AT Europe: Paris – Chez François and Raphaëlle
After hanging out on a friend’s Parisian terrace, Raphaëlle and François decided they wanted their own. Their realtor shrugged and told them not to get their hopes up. But a year and a half later, she finally showed them a lovely 100m2 flat in an 1850s building near République with a rare private terrace. “It was love at first sight,” says Raphaëlle. “It was the first place we saw, and luckily, we got it. Our friends said ‘You don’t buy the first place you see.’ But when it’s love at first sight, you have to go for it!”…
She and François live in the flat with their young daughter and son, who each have perfect rooms of their own. “We wanted them each to have their own space,” says Raphaëlle, explaining that the handsomely made-up daybed in the spacious living room is actually their bed. “It’s great because when the kids go to sleep, we close the door and have this space all to ourselves.” In summer, the now-wintry terrace becomes like an additional room.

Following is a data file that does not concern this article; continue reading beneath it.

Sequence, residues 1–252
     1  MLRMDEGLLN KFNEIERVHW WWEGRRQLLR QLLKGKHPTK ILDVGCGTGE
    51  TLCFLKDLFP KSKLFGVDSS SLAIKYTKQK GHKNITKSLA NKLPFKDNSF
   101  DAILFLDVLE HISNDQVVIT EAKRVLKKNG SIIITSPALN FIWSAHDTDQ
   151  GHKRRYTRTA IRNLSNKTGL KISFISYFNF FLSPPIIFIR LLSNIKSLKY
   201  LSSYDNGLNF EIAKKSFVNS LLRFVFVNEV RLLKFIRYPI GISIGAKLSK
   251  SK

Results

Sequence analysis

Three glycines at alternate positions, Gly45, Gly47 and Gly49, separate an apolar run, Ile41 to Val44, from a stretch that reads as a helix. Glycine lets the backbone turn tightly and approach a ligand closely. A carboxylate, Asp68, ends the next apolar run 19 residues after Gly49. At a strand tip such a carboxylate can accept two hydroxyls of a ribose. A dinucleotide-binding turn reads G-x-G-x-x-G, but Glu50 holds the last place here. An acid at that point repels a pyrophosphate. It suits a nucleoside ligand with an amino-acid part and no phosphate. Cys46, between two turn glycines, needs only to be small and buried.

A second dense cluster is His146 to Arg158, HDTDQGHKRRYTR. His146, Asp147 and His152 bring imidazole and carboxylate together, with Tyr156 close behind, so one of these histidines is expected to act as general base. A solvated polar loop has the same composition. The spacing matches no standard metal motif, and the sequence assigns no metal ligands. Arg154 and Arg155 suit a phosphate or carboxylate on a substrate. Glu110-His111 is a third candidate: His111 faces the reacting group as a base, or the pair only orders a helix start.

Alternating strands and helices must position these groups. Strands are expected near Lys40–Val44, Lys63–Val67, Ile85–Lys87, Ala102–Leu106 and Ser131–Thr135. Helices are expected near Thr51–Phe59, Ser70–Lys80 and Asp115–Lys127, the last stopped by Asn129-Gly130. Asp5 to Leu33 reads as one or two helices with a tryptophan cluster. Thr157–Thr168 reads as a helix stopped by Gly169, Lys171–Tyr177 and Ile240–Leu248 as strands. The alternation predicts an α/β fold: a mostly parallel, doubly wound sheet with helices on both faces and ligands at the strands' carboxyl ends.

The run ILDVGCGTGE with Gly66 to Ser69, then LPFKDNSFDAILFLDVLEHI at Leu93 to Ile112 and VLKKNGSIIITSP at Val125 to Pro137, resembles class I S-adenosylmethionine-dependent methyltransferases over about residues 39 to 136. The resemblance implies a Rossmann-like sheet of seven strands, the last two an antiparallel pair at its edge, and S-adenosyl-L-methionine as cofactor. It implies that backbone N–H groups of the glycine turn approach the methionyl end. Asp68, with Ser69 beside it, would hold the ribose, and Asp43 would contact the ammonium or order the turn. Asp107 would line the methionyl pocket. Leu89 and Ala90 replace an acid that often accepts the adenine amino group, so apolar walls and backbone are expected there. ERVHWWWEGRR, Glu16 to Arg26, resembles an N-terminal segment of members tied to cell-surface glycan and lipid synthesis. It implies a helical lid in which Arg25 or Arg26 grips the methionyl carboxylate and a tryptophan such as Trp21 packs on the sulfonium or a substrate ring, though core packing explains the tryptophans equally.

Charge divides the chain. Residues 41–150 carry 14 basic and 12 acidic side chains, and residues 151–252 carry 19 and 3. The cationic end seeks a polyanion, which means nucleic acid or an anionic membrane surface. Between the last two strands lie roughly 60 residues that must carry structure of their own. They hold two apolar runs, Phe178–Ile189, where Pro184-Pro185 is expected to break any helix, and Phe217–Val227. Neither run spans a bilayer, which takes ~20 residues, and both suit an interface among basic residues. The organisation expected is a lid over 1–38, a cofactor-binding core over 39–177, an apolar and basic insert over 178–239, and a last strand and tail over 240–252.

The apartment is painted white and a number of mirrors — including two period mantel mirrors in the dining room that a neighbor was carelessly throwing out — bounce light around and off the original parquet floor. And the kitchen is a study in compactness and charm, everything within reach, and includes a slim built-in bar. They’ve built in storage throughout the house so seamlessly that it looks like it was always there.
Raphaëlle is a graphic artist who produces interactive books for children about art from an office on the ground floor. Most of the house is furnished with finds from brocantes — especially in Belgium — and wherever the family travels for an apartment swap. In addition to large olive oil jugs from Africa and the South of France and a mercury light fixture from Canada by the bedside, Raphaëlle has made a number of lamps and sconces throughout the house from finds like old train car gas lamps.
“People think that decoration has to be expensive,” she says, pointing out her grandmother’s “Louis something” chairs that she self-upholstered in plain linen. “But it doesn’t. You can do very simple things. You just have to find an idea.”